Wednesday, October 30, 2013

Review: Victorinox's new Hunter Pro Knife- Victorinox'sfirst "bushcraft" blade?

Victorinox appears to be taking aim at the growing wilderness survival market with their new and robust Hunter Pro folding knife. Sporting a one-hand opening, 4" long, 440C Stainless blade, the Hunter Pro looks to be the biggest and baddest Victorinox knife yet. 

In fact, Victorinox is making no bones about who the target audience is for this knife, as evidenced by their promo video, which shows the Hunter Pro being batoned through a log (yes, folks, the Swiss Army Knife people are actually batoning a log with this knife-- who da thunk it?!) 

Considering that Victorinox is more known for polite pocket knives than for serious survival blades, I find this quite interesting, and it's one more sign that bushcraft and wilderness survival are growing in popularity.


Blade Length: 4" (100mm)
Closed Length: 5" (130mm)
Overall Length: 9" (223mm)
Locking Mechanism: Lockback
Blade Steel Type: 440C Stainless
Rockwell Hardness: 56
Handle Thickness: 0.8"
Weight without sheath: 5.7 oz (as measured on a digital postal scale)
Weight with sheath: 6.9 oz (as measured on a digital postal scale)
Made in Switzerland
Street Price: $60-$80 USD


I first got a chance to see the Hunter Pro while covering the 2013 Summer Outdoor Retailer Show back in August. Being a longtime Victorinox fan, I was intrigued. Aside from it being the largest Victorinox folder I've seen, it's also the first to incorporate a lock-back design:

Stainless steel liners are added for strength:

The blade shape on the Hunter Pro is a curious mix of a spear-point with a scandi-grind, and a pronounced secondary bevel. The blade has a matte bead-blasted finish, very similar to many of Gerber Gear's blades.

(click to enlarge)

The handle scales are made from a slip-resistant dual-density, hard rubber:

The Hunter Pro also comes with a nice little olive drab nylon belt case:


I ran the Hunter Pro through a battery of our standard field tests, including Fine Carving, Food Prep, Batoning and a Tip Strength test. I wasn't expecting much from a folding knife, but since Victorinox was touting the Hunter Pro as a "rugged" folding blade, I decided to go hard on it.

I was pleasantly surprised to find that the Hunter Pro actually lived up to Victorinox's hype. The handle turned out to be very comfortable and secure in the hand, and the blade's edge geometry made it an excellent fine carving knife:

The matte finish on the blade also made food prep a breeze, especially when cutting blocks of cheese, which tend to stick like glue to knife blades.

The Hunter Pro also took our rather brutal Tip Strength and Batoning tests in stride. I batoned the blade through a very knotted log, half expecting the lock mechanism to break, or the blade to chip but the Hunter Pro held up with no signs of edge damage, or degradation to the lock mechanism.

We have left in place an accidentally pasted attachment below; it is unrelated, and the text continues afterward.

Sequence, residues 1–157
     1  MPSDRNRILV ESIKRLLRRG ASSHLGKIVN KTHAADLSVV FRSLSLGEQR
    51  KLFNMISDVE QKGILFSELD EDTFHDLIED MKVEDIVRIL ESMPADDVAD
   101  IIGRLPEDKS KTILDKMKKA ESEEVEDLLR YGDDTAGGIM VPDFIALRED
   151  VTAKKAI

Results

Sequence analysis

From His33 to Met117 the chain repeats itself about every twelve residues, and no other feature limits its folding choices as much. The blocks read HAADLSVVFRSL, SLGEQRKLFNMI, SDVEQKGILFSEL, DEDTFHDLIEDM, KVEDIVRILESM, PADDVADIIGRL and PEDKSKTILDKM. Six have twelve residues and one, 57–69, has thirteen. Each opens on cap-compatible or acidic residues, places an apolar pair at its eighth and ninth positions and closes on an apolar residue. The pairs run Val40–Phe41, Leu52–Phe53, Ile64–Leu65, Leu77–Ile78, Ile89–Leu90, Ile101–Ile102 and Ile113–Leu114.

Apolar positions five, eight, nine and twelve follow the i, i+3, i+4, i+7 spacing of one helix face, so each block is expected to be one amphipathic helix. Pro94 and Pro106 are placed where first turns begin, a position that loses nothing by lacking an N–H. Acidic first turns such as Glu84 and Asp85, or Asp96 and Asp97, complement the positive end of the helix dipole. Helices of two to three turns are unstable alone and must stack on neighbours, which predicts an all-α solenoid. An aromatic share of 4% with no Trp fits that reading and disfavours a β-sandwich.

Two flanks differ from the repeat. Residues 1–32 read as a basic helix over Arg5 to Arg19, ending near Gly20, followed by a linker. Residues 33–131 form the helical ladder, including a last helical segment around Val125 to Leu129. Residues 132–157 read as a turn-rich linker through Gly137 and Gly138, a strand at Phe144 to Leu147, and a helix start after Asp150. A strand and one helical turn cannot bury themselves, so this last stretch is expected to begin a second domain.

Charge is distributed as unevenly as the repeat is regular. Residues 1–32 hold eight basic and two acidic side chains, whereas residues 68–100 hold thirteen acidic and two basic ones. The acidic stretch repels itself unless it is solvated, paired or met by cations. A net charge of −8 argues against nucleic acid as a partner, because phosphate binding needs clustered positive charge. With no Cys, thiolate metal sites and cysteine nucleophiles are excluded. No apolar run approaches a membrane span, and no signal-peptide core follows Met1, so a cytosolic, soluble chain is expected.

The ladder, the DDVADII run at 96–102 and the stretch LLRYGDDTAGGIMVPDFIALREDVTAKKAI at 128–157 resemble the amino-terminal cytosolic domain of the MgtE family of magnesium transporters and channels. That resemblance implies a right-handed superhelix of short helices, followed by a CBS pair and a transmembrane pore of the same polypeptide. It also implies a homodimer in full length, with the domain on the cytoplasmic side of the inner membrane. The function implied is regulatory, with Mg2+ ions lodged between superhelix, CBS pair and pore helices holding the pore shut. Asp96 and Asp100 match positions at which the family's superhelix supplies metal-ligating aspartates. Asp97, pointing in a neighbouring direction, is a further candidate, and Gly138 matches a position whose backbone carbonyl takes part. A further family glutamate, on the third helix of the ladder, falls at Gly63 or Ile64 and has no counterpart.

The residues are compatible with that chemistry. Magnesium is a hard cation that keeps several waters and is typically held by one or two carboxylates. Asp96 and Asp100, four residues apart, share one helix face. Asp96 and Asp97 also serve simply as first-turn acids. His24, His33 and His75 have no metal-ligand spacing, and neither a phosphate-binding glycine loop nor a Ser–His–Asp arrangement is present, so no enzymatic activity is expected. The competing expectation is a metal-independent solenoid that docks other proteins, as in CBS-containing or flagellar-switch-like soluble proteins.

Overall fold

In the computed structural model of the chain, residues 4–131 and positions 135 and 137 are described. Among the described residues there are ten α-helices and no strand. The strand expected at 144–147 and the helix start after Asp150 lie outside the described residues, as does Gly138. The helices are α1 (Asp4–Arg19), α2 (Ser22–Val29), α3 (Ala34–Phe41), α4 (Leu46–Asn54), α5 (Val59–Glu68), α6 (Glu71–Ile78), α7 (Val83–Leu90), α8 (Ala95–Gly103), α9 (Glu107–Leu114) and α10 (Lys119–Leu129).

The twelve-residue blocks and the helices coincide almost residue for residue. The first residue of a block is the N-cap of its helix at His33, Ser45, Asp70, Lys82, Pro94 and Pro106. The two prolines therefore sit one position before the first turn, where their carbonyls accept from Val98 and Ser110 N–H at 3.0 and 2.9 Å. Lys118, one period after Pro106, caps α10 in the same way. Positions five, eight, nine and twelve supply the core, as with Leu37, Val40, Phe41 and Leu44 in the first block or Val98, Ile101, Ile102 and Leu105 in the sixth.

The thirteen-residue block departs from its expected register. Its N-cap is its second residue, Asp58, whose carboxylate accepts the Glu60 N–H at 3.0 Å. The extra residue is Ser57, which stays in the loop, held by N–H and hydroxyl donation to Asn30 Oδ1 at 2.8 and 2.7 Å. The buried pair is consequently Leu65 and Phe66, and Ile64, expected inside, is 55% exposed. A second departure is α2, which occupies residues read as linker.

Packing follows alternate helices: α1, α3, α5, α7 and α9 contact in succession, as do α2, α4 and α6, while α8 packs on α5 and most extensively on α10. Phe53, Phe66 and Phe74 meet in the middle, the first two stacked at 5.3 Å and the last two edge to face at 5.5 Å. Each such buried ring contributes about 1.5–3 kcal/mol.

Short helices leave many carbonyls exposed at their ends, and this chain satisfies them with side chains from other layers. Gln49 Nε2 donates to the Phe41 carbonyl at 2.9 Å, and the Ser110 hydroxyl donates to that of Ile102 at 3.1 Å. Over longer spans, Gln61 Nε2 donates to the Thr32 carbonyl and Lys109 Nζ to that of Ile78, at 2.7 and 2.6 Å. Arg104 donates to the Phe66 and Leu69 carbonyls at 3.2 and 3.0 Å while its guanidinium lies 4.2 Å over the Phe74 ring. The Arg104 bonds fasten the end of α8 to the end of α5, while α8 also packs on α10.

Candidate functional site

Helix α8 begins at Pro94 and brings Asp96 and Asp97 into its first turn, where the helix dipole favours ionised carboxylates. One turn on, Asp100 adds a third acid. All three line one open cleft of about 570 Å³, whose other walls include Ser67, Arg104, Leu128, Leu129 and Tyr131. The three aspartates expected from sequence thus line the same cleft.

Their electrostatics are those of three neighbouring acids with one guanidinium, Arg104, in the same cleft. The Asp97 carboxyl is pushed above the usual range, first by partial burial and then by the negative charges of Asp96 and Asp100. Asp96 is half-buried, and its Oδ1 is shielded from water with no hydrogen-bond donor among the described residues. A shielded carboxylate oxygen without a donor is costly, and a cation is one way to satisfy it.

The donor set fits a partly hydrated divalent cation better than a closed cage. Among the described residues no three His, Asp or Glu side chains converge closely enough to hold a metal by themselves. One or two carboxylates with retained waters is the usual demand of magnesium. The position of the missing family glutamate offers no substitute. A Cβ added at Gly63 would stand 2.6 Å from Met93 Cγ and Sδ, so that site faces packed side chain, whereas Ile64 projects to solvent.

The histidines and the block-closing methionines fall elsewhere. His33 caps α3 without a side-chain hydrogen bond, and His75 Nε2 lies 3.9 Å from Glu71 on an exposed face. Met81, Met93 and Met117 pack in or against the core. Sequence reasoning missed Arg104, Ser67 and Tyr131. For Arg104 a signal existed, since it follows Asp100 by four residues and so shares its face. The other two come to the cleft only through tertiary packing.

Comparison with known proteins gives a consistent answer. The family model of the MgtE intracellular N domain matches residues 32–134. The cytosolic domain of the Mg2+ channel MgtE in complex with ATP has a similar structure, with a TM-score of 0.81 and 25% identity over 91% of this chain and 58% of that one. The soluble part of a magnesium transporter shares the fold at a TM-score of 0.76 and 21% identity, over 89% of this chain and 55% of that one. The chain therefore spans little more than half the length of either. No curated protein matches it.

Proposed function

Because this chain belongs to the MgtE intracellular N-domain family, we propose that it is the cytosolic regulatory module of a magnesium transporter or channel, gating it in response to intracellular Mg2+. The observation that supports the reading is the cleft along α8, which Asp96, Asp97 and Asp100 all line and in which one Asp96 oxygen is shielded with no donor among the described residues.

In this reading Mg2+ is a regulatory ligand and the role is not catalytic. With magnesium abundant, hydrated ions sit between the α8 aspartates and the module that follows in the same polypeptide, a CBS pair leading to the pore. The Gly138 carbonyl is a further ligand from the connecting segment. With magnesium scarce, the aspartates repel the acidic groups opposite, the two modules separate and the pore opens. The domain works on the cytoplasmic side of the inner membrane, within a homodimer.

The Tip strength test yielded similar results.  I stabbed the Hunter Pro's tip repeatedly into a dry pine log and twisted it, to see if it would break, but it held up perfectly.

Unfortunately, a technical glitch with our camera's SD card prevented us from posting the photos of the batoning and tip-strength tests, but I plan to update this review with new photos as soon as time permits.

Steel Quality

In creating the Hunter Pro, Victorinox decided to go with American 440C Stainless Steel, with a Rockwell hardness of 56. I think this was a good decision, as it gives the knife a good combination of toughness and edge retention. I found the Hunter Pro a little easier to sharpen than my standard Victorinox Swiss Army Knives, yet it seemed to hold its edge better.

One-handed Opening

The Hunter Pro's blade has a large thumb hole to facilitate one-handed opening, similar to Spyderco's folding knives. Unfortunately, I found the Hunter Pro's one-hand opening a bit stiff right out of the box. I wasn't terribly surprised by this, as my experience with earlier incarnations of Victorinox's one-handed openers (i.e. the One Handed Trekker, etc) was similar. However, the Hunter Pro did loosen up enough with use that I found it to be an improvement over the One Handed Trekker.

Another minor issue was that right out of the box, there was a small amount of up and down play between the blade and the lock mechanism. Looking around on knife forums, I found this to be a common issue. It didn't seem to affect the knife in any way while batoning, but I wanted to mention it.


The Hunter Pro turned out to be a ruggedly built folding blade that proved its durability during our harsh batoning and tip strength tests. It was comfortable in the hand, and surprisingly good at wood carving. I think Victorinox fans who are looking for a larger, more capable outdoor knife will be well-pleased with the Hunter Pro. 

4 out of 5 Stars (Recommended)

For more information, visit Victorinox's website at: 

About the author
Jason Schwartz is the founder and senior editor of Rocky Mountain Bushcraft. He is a former Red Cross certified Wilderness & Remote First Aid Instructor, and has taught bushcraft and wilderness survival techniques to the Boy Scouts of America, interned with the US Forest Service, and studied wilderness survival, forestry and wildland firefighting at Colorado Mountain College in Leadville, Colorado. Jason has also written for magazines such as The New Pioneer and Backpacker, including writing the "Tinder Finder" portion of Backpacker's "Complete Guide to Fire," which won a 2015 National Magazine Award (NMA). Email him at rockymountainbushcraft @ (without spaces)

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